October 2003 Archives
Initially it looked like a cakewalk to get ColdFusion MX to work with the Oracle thin JDBC driver. Macromedia even has a technote that tells you how to do it. All went smoothly until I tried to update a value in the database. That caused it to hang.
Thus started a search through the web for similar tales. Many places
suggest doing a stack trace using
kill -3 (or
kill -QUIT, which is the same thing). This did not
expected stack trace
. Maybe JRun disables that feature.
Next step was to try the sledgehammer.
on the process hogging nearly 100% of CPU. This resulted in log
file being written (hs_err_pid11111.log) with lots of information
but no stack trace. All I could see was the class where it was
hanging: coldfusion.sql.Executive.getRowSet. Damn!
A bit of thought led me to wonder if there might be a newer version of the Oracle driver. I was using the 8.1.7 driver, good old classes12.zip. According to Oracle, this is intended for version 1.2. In other words it's ancient. ColdFusion MX 6.1 runs on 1.4.2, in other words something pretty current. A bit of investigation on Oracle's Java Center turned up Oracle9i Release 2 JDBC drivers. A quick look at the release notes told me they are intended for 1.4.
After a download, an upload and a copy, I had ojdbc14.jar in the class path and I restarted the server. Hey presto, everything was working again.
ColdFusion MX Standard Edition doesn't support Oracle directly. It is, however, somewhere between $3,500 and $4,000 cheaper than the the Enterprise Edition, which does.
One of the great practices of agile programming is the use of unit tests, especially as a scaffold upon which solid code can be written. Laurent Bossavit has written about how life was before: we used to spend much more time in the debugger.
On my latest project, I've been working on a web site written in ColdFusion. First, let me mention the advantages of ColdFusion over something like J2EE.
- It is easy to learn, even for people with minimal programming experience. (The HTML-like syntax seems designed to appeal to people who are more comfortable with tags than with traditional code.
- It takes takes fewer hours, billable or otherwise, to produce a working web site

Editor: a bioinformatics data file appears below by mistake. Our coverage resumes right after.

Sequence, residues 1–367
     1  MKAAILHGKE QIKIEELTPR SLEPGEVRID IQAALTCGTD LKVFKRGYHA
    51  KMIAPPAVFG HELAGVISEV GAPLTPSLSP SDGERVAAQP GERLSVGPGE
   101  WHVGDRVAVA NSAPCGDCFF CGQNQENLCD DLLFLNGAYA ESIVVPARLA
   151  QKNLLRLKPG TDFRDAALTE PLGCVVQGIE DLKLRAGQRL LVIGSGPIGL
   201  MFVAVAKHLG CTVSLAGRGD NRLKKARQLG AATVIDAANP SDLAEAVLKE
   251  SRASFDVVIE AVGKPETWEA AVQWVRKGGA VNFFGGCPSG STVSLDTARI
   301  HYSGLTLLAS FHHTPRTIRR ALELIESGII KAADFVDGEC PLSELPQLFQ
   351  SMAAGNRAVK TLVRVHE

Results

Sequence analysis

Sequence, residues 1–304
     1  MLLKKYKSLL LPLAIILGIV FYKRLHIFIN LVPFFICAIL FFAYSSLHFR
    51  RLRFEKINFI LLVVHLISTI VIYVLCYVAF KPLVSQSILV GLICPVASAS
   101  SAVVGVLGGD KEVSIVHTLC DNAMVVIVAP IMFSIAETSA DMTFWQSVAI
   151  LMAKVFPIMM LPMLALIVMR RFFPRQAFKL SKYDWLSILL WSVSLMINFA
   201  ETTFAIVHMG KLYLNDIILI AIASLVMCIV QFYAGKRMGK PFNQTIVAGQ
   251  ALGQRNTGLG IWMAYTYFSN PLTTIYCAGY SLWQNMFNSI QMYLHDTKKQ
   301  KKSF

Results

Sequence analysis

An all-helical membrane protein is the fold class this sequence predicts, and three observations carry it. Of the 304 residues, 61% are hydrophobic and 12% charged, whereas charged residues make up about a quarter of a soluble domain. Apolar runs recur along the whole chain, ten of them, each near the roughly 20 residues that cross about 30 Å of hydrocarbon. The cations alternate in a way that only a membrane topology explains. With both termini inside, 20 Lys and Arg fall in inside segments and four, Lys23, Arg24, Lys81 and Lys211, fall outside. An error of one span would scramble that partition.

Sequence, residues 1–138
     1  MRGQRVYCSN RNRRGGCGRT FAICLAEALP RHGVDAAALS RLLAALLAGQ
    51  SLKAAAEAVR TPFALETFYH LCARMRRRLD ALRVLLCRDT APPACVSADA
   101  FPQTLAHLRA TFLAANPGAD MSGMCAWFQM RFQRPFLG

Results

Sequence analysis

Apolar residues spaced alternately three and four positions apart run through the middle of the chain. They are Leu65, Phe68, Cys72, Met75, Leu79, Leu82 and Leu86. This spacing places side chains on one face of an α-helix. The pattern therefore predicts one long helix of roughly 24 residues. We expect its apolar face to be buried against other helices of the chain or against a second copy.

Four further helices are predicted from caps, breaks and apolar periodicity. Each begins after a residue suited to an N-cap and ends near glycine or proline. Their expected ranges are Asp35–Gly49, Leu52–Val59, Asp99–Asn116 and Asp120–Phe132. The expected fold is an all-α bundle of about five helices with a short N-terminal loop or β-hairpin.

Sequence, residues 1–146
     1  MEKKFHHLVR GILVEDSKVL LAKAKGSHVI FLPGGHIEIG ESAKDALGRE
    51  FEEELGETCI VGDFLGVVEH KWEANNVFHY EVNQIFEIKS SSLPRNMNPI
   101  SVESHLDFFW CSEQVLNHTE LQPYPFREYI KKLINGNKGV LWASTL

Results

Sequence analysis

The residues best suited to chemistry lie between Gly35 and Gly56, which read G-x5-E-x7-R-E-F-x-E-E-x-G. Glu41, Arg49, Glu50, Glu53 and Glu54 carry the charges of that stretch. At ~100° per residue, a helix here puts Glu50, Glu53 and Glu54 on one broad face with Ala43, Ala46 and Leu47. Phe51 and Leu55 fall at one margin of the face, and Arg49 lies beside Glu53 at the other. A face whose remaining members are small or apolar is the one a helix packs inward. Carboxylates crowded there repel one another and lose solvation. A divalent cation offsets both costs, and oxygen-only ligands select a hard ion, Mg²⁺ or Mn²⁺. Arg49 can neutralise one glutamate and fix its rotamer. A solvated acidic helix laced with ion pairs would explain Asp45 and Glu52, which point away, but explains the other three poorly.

ColdFusion is very page centric. Typically, you'll find a mixture of code, HTML and SQL all in one place, on every page. There is no separation of view, model and controller. There are no units that can meaningfully be tested on their own.
More recent versions of ColdFusion do have support for a more object-oriented approach. Macromedia touts CFCs. There is at least one reasonably sophisticated framework based on CFCs. However, that's not the way most existing ColdFusion code is written.
Does it make sense to try to use automated testing at all? Rod Johnson's
Design and Development (an book I've mentioned
before and don't mind recommending again) has some relevant
thoughts. He recommends the
HttpUnit class library
an excellent, intuitive way of implementing web-tier acceptance
tests using JUnit.
The HttpUnit approach is essentially white-box acceptance testing. It has the advantage that we test our application exactly as it will be deployed in production, running on the production server. It's also easy and intuitive to write test cases. The drawback is that screen scraping can be vulnerable to changes in an application's look and feel that don't reflect changes in functionality (a frequent occurence).
HttpUnit does do a lot of the donkey work. It a imitates a web browser
fairly well: it supports cookies, frames and even (to a limited extent)
jWebUnit, builds on top
of HttpUnit. To quote from the site,
navigation methods and ready-to-use assertions allow for more
rapid test creation than using only JUnit and HttpUnit.
In other words, jWebUnit lets you write the same tests using fewer lines
I can use jWebUnit to write tests for the site. I can run the tests in an automated fashion. I can even write a launch-and-forget ant script. Now I need to see how effective a practice this is and what I learn as a result.
A discussion on the Chicago Agile Developers' mailing list on the subject of installers turned to configuration and how often it is needed.
After a fairly long summer hiatus, ChAD finally had a meeting; the subject was "Comparing RUP, XP, and Scrum: Mixing a Process Cocktail for Your Team". Our guest speaker was Dan Rawsthorne.